University focuses on campus buildings

Leslie Schelat

New buildings are sprouting up on college campuses nationwide. At Kent State, things are no different.

For the last several years, American School and University magazine reported record spending by colleges and universities on construction projects. In 2003, total costs topped $48 billion dollars, a 20 percent increase over the previous year.

University architect Tom Euclide said he did not have a specific dollar amount of what Kent State spends per year on construction projects.

“At any one time, our office handles about $250 million in ongoing projects,” Euclide said. These projects have an average six-year cycle from concept to completion and include renovations and new constructions.

One of the reasons for the recent construction boom is what Euclide referred to as “block obsolescence.”

This is when a large number of buildings were built at the same time and are now needing repairs and renovations at the same time.

“It’s a major problem,” Euclide said. “It’s requiring a ballooning of funding to address it.”

Not all students agree the quality of buildings on campus is a major concern.

“I’ve seen worse,” said freshman graphic design major Carrie Swanson.

Carrie Swanson and her twin, freshman fashion design major Crystal Swanson, said they do not think buildings at Kent State are in poor shape.

“They don’t need it so much,” Crystal Swanson said. “It’s more of a want.”

Kent State experienced a building boom in the 1960s. About 10 buildings were built in that decade alone, including most of the science buildings and Bowman Hall.

In order to lessen the impact of aging buildings on the university’s budget, Euclide said minor repairs are being done over time.

“In many cases, we’ll upgrade the central unit,” Euclide said. For example, one main water cooling center is built or repaired at a lower cost than fixing independent systems in several locations.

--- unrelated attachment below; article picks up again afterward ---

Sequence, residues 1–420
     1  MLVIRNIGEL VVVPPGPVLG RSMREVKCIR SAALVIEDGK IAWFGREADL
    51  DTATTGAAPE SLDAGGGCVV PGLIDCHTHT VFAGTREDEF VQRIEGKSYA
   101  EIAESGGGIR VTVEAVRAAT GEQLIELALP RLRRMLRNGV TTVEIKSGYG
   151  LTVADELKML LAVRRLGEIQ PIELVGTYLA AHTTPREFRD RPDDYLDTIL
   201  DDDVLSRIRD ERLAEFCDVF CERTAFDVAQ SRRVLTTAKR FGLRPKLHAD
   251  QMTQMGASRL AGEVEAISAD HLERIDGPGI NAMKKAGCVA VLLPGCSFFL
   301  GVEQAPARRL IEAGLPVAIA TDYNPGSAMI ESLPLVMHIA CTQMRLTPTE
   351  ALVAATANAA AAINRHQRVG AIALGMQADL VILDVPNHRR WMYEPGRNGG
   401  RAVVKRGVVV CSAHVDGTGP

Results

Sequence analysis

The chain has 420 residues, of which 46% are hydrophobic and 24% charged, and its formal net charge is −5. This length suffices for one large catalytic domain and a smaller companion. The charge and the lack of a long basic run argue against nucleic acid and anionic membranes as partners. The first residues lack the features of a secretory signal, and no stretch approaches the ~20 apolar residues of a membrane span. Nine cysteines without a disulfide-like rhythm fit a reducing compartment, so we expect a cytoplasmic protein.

Euclide acknowledges this will not solve the problem, but it will help.

Progress is being made despite cuts in funding and numerous repair needs.

When Franklin Hall opens as the new home for the School of Journalism and Mass Communication in 2007, it will mark the completion of the last of seven buildings on front campus.

With renovations of the Ballroom, the Student Center is entering the final stage of a three-year, $10 million renovation. Other completed projects in recent years include a new heating plant on Summit Street, renovations to Eastway and an addition to Cunningham Hall.

Plans are made to finish renovations on Oscar Ritchie Hall, the heating plant and Van Deusen, which is the last instructional building on campus that is not air conditioned.

Euclide said they would rather renovate old buildings than build new ones.

“It costs a lot more to build new buildings,” Euclide said.

He also said many of the older buildings on campus are meant to be renovated, not replaced.

Freshman photo illustration major Alissa Krizon said she would rather see the university spend its money on residence halls than classrooms.

“It depends on how bad the building is,” Krizon said.

The most recently completed new buildings at Kent State are the Centennial Court dorms. These six buildings came with a price tag of more than $50 million.

For $30 million, the university is reconstructing Stopher and Johnson halls, constructing a new location for the Honors College and resurfacing the walkways surrounding the new buildings.

Despite their hefty price tag, these buildings are needed as enrollment in colleges across the country is expected to increase. Euclide said renovations are necessary to add to the history of Kent State.

Contact general assignment reporter Leslie Schelat at [email protected].